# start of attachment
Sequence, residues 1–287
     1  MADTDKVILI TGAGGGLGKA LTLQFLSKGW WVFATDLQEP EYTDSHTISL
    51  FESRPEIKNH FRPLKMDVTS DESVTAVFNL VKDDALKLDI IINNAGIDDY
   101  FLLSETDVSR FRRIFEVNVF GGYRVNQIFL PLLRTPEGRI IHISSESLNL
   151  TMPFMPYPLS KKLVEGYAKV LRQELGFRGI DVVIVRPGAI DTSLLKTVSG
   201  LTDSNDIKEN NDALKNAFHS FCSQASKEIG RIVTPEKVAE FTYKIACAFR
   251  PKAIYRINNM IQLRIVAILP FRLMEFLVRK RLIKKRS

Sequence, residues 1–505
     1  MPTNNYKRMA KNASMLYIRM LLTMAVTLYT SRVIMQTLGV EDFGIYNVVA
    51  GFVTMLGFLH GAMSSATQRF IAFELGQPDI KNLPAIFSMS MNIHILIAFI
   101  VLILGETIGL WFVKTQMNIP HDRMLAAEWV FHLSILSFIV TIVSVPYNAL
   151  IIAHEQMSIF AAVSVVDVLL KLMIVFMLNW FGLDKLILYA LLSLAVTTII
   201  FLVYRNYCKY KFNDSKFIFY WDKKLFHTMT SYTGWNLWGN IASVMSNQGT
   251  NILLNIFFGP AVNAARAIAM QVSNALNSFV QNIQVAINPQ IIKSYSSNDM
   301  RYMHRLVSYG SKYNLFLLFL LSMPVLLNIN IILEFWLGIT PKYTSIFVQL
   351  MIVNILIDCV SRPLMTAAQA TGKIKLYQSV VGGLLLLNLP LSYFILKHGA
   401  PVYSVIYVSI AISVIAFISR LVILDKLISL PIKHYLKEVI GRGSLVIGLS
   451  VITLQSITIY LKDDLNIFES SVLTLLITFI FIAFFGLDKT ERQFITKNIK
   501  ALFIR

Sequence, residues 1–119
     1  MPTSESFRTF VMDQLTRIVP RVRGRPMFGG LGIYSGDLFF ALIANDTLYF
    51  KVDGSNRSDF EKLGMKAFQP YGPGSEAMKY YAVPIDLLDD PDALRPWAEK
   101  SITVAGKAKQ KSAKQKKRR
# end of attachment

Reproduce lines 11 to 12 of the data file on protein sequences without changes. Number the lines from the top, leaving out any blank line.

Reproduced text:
   101  VLILGETIGL WFVKTQMNIP HDRMLAAEWV FHLSILSFIV TIVSVPYNAL
   151  IIAHEQMSIF AAVSVVDVLL KLMIVFMLNW FGLDKLILYA LLSLAVTTII